The Chinese firm Camc Engineering (CAMCE) was awarded the contract to build a major oil facility on Nicaragua's Pacific coast—a key project of the Bolivarian Alliance for the Peoples of Our America (ALBA). The contact was announced in a Managua press conference April 27 by representatives of CAMCE and ALBA Nicaragua SA (ALBANISA). The complex to be built at Miramar outside Puerto Sandino, León department, is a centerpiece of the Venezuela-led ALBA, but has languished since being first announced in 2007. The facility will have a storing capacity of 1.8 million barrels of oil, and a processing capacity of 150,000 daily barrels. In addition to a refinery, it will include 15 tanks for fuel oil, diesel, jet-al (aviation fuel), gasoline and liquid gas. It is projected to double Nicaragua's oil intake capacity, as well as supplying other Central American nations. Venezuelan engineers will help oversee construction. (Inside Costa Rica, April 28; La Voz de Sandinismo, April 26; Downstream Today, Oct. 25, 2011)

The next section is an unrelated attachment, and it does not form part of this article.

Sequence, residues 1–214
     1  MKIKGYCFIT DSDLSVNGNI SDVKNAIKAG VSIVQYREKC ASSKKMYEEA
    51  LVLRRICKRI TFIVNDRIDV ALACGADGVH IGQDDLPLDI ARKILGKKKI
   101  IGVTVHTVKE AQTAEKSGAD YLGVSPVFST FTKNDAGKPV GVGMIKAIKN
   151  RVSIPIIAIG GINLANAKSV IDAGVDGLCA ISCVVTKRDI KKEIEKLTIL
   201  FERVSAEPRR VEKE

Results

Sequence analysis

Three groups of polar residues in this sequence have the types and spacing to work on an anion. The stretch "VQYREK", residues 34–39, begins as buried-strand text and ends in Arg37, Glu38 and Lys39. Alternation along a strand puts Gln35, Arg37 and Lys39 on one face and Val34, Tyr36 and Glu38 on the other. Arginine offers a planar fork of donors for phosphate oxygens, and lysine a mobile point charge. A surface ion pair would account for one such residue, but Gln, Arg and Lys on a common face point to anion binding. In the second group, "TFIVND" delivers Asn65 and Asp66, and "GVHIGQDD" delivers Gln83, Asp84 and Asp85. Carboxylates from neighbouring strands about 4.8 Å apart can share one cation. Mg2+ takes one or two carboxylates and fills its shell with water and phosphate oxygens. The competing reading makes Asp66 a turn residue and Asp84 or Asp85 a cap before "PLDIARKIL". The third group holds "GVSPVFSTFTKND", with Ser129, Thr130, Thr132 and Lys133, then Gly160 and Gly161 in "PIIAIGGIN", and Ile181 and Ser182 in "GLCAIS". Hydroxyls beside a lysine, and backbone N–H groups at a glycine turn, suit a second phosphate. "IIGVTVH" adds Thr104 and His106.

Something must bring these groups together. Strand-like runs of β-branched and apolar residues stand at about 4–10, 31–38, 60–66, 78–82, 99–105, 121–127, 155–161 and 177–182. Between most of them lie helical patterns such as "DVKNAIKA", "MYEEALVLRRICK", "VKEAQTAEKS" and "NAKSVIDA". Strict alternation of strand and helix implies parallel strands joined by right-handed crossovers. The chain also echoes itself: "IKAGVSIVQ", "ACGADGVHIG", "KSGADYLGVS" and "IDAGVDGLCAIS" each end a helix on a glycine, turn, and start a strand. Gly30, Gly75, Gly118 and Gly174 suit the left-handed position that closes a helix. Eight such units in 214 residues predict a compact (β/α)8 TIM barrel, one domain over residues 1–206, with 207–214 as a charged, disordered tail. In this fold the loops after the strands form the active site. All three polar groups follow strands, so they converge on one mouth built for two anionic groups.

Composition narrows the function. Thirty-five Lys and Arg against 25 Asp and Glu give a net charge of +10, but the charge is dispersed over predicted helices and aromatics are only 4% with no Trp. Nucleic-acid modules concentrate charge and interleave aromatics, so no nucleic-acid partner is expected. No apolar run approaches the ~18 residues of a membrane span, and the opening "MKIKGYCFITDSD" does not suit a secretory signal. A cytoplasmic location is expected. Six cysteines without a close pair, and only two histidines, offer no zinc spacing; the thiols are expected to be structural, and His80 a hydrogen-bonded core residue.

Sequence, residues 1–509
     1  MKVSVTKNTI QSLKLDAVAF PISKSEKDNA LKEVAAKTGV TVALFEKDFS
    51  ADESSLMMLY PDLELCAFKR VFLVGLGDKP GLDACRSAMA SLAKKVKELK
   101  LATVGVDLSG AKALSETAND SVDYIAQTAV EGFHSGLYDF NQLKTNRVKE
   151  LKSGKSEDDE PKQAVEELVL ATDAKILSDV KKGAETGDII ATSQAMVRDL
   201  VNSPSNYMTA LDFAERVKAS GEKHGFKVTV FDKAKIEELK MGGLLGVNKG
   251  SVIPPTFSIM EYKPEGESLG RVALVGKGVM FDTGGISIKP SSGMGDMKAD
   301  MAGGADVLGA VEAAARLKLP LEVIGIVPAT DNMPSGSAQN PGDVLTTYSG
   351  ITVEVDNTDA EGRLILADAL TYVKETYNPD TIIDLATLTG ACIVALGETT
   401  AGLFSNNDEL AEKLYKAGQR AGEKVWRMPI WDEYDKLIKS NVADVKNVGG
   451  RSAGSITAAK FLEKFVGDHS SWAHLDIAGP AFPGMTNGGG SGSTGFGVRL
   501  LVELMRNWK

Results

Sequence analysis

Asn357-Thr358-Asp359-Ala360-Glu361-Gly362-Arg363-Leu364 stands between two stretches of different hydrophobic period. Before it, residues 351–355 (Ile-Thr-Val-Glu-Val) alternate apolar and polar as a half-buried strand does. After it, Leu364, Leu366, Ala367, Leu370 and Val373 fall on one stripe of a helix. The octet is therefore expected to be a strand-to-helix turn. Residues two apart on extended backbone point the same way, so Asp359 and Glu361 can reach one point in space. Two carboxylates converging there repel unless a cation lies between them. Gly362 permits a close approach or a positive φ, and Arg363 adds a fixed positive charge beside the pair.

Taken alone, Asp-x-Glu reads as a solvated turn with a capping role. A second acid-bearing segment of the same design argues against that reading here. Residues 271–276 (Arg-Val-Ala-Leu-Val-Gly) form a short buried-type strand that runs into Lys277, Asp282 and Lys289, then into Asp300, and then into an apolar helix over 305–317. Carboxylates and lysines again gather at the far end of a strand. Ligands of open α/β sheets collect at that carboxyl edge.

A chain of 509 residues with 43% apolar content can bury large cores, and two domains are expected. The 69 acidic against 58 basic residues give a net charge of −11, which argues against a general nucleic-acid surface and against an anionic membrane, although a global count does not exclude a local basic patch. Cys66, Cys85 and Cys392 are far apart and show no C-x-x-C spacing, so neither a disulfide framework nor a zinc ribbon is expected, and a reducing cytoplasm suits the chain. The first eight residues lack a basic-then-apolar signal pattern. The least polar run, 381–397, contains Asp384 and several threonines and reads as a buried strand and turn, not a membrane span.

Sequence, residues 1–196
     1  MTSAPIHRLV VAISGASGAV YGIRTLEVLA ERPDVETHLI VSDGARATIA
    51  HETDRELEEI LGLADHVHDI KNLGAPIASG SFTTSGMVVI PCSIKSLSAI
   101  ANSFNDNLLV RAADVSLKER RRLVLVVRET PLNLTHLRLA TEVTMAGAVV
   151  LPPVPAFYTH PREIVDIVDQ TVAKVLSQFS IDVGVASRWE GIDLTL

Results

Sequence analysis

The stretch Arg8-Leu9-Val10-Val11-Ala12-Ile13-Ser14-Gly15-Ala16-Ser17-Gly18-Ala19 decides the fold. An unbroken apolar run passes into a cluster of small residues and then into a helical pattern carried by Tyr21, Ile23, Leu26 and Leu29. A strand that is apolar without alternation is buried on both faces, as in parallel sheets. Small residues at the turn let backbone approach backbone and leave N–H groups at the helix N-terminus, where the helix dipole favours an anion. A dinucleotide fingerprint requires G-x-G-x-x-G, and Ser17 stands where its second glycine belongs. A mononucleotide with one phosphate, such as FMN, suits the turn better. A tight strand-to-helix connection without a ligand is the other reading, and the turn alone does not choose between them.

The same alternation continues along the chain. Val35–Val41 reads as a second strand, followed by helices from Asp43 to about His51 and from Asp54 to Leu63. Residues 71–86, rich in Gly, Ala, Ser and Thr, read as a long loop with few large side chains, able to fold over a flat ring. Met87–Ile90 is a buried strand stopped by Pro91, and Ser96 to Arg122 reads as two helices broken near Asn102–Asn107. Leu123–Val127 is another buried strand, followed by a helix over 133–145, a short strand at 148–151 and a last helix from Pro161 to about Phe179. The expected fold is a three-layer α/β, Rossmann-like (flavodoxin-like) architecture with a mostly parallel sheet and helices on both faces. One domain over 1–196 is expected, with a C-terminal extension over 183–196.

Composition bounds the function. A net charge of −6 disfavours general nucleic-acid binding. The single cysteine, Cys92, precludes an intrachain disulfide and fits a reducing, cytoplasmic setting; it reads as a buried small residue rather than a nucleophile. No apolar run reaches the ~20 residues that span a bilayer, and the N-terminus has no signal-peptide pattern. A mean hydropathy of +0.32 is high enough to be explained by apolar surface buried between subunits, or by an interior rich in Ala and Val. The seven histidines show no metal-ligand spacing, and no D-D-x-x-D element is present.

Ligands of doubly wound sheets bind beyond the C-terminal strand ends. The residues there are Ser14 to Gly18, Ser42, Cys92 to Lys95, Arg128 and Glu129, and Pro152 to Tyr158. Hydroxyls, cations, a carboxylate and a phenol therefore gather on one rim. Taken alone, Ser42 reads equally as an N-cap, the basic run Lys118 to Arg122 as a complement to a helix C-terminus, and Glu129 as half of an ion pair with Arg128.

Despite the anti-imperialist ideological content of the Miramar project, Nicaragua is putting out the welcome mat for Western companies too—especially in the mineral sector. The Wall Street Journal's Market Watch April 28 reported that a "gold rush" underway in Nicaragua has accelerated since President Daniel Ortega was reinstated for another term in office last year. "Since then, the country has reaped the benefits of his pro-mining policies that have only continued to act as a catalyst to today's impending production boom," the account crows. Mostly Canadian firms are working in three "major project areas"—in León and the interior departments of Nueva Segovia and Chontales. (See map.) Vancouver-based Golden Reign Resources is exploring its San Albino-Murra Property and El Jicaro Property, both in Nueva Segovia. Vancouver-based B2Gold Corp (BTO) has two fully operational mines: Limón Mine (León ) and La Libertad Mine (Chontales), with plans to develop four more. Vancouver-based Cassius Ventures has acquired Nicaraguan-owned Fortress SA, with four concessions each in León and Chontales, and another eight in Nueva Segovia. The acquisition gives Cassius 16 concessions spanning an area in excess of 137,000 hectares.
Harsh conditions at the mines were exemplified in a harrowing incident last June, in which rainy season flooding halted underground operations at Limón and led to the death of a miner. (Mining Weekly, Business Today, Vancouver, June 24, 2011)